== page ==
Let's toss Lone Wolf in there for now as a case study. We have spent a year overcoming what we consider to be a less than optimal location with sales that have taken quite a while to stabilize. The idea to open Lone Wolf was really an expression of Pfoodman's ability to create and roll out a new brand and show our perspective food service clients that we indeed have a distinction from other Food Service Management Company standards. We actually own and operate retail restaurants and do so under the same standard as any other competitive retail business--that the customer chooses to patronize us vs. that which our captured audience (Pfoodman) operations have to patronize. A point of distinction is that we consider our customer to be that of the student and/or resident vs. that of the institution that hires us on a business to business deal. There is a difference.
So Pfoodman decided to develop six brands that would eventually set the stage, open the curtain to our daily performance standard--that which anyone can come and check out how we motivate our employees, prepare our food in relationship to our standards of quality. We are on display, always. Lone Wolf has indeed been a challenge to stabilize but suddenly things have changed. It has not been an easy road but suddenly we see change. Why?
My "Personal Culture" (among others) is the active living community. This, since getting fit and finding that, when healthy, I perform better at stuff. Because I am connected to the active living community and the culture of healthy, vibrant and active people who perform at a high level it is easy to recognize what I need to do to service this "like minded" group of people. Anyone who wants to see what active living is, and be active, see what it feels like, smells like....should come to Lone Wolf. It has been tweaked to optimize the relationship between culture and the product/services and marketing that it represents. It is an expression of what the culture looks like and the food, music, service and advocacy standards meet the demand of that culture. It tells a story and has no less than 500 images hanging from the walls; everyday people doing oxygen inspired activities (O-Sports). The people who do these things hang out in there, those wanting to embark start the process by surrounding themselves with the culture.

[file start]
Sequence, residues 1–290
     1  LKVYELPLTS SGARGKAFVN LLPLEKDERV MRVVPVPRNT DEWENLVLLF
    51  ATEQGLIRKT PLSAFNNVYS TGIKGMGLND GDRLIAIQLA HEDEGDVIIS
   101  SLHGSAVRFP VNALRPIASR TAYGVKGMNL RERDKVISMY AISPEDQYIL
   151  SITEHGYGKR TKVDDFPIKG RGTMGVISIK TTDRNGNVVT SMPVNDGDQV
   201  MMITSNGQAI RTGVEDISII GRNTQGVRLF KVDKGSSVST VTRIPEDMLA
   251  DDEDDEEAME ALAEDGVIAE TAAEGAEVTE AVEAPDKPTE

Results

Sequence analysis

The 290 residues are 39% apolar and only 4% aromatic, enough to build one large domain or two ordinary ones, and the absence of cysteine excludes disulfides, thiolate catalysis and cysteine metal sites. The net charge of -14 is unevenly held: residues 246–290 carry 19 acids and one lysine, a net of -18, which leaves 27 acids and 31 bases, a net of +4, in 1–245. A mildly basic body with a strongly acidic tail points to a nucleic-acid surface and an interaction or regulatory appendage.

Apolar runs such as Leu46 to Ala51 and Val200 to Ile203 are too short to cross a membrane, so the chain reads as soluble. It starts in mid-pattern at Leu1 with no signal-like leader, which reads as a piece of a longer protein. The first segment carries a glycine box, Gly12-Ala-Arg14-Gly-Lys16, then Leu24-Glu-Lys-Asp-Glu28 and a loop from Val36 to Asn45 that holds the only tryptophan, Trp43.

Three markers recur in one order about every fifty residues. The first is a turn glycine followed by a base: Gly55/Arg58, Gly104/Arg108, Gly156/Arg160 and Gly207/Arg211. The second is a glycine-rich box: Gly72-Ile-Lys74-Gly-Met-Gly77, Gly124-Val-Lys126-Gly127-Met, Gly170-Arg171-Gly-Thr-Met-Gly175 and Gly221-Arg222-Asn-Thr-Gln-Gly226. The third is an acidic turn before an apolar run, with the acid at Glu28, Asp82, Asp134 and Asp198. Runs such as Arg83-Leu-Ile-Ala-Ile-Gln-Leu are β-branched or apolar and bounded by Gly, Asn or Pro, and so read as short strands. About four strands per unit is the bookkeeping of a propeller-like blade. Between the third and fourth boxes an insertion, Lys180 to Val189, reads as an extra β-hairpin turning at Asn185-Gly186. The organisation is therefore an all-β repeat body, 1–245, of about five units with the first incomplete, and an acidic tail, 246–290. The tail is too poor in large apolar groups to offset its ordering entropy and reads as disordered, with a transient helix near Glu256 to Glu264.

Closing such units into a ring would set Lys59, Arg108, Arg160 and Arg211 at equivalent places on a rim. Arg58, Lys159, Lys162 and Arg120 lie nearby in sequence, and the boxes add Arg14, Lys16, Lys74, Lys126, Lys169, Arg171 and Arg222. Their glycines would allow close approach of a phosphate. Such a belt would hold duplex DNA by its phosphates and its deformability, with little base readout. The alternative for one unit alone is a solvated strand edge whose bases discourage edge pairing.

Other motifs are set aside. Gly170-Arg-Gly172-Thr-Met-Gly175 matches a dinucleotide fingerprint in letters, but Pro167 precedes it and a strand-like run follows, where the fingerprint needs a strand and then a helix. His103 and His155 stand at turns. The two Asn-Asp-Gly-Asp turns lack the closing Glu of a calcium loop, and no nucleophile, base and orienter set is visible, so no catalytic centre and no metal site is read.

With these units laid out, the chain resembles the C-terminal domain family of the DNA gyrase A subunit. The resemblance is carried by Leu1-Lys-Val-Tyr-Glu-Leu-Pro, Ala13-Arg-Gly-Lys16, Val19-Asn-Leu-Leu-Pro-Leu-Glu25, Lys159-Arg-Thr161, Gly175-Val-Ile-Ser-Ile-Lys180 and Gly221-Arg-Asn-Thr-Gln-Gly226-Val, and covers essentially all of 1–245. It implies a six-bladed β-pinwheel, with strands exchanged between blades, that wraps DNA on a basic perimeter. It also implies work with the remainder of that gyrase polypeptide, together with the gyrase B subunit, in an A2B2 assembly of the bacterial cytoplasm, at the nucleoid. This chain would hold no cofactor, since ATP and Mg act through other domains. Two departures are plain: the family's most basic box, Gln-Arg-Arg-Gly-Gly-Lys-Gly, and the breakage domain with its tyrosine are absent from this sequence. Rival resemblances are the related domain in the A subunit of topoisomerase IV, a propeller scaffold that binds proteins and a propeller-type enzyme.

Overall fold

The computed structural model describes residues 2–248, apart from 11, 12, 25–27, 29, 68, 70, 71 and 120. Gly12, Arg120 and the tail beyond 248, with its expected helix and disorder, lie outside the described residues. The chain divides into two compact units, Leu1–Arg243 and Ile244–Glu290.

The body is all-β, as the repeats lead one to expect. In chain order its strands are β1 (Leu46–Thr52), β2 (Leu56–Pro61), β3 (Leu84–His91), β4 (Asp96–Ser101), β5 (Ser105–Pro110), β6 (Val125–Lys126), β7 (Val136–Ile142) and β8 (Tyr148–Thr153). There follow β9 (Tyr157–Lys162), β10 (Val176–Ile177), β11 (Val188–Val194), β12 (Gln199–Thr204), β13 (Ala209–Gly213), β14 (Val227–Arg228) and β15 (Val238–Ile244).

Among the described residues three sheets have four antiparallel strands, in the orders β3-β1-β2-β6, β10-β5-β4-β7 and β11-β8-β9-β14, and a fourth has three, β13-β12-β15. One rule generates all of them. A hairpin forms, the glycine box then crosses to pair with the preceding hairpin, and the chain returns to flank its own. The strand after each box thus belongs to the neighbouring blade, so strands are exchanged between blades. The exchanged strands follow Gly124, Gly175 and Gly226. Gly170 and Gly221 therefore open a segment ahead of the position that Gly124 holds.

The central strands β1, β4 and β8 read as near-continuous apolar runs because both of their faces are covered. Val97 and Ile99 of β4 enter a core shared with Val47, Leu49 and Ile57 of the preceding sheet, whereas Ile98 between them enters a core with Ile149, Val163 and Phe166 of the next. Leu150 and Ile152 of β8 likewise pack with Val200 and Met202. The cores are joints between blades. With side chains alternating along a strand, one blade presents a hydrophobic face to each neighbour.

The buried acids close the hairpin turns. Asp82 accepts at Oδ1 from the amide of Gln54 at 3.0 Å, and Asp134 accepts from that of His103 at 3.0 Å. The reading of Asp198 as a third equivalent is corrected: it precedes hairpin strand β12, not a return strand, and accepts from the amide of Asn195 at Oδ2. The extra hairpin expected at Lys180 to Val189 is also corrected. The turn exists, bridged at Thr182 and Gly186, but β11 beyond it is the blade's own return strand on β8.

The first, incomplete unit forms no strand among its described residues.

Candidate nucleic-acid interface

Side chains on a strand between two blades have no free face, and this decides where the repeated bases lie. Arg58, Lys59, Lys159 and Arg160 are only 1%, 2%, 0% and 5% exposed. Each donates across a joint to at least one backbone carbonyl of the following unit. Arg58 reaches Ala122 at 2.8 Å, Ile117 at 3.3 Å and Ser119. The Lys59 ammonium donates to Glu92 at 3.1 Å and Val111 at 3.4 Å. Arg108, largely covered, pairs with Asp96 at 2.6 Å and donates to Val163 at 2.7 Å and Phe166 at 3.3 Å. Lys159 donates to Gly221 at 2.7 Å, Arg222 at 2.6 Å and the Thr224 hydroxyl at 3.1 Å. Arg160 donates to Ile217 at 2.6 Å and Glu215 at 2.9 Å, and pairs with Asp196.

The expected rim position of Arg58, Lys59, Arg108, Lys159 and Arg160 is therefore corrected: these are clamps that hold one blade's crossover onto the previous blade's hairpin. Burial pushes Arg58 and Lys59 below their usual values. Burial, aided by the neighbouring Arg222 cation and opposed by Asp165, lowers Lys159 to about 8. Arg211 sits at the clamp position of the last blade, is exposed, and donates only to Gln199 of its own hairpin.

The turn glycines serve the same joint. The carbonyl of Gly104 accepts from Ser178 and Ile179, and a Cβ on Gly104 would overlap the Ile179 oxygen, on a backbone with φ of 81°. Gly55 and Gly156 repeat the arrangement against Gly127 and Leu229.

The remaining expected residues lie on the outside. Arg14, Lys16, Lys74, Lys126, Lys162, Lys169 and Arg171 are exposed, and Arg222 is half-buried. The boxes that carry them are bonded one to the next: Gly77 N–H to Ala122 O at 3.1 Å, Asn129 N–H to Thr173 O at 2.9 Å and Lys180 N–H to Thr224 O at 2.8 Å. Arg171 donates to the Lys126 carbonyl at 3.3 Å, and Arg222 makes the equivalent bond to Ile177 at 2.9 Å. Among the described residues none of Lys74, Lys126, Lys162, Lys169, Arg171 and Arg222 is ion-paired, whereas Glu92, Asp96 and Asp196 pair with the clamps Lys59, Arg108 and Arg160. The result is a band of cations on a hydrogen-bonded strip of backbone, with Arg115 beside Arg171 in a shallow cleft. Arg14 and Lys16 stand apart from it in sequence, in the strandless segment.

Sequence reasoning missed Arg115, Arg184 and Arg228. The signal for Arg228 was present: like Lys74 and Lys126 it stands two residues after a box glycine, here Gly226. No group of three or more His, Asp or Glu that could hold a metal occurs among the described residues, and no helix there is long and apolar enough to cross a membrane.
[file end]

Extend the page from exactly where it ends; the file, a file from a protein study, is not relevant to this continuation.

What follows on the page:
Early on, like with Pfoodman, we decided to go out in the community and build an active living audience as part of our marketing. During the early days of Pfoodman, it was food and beverages being donated to charities to help raise money. There was always an O-sport activity in relationship to the cause. This is how these charities raise money. We provided value and cultivated the audience to recognise Pfoodman for being the Active Living company to do business with. It was a win/win Guerrilla Marketing approach.
Lone Wolf is the same, however this time we actually have a retail operation to point to. This was part of the plan. And now people are making the correlation. They are finding their temple and things are getting quite busy. Could we have stabilized the concept earlier, yes, with buckets of money and with a different location and with fancy marketing executives, wham bam thank you sir, I am gonna need fitty grand to get this thing going.....nope, the journey is worth it.
We will continue to do Oxygen Inspired events to boast our authenticity and change the way our community thinks. Our advocacy is our branding, our position in the world, our social conscientiousness. We say that we will do it, then we do it, and then tell everybody what we just did--to help the community to be a better place and build sales. I think this is an important platform and it works. You can look for Pfoodman/Lone Wolf/Wapiti doing dozens of active living and O-sport events throughout the country this year. We will build a broader active living community for the sake of improving our business and the world we live in.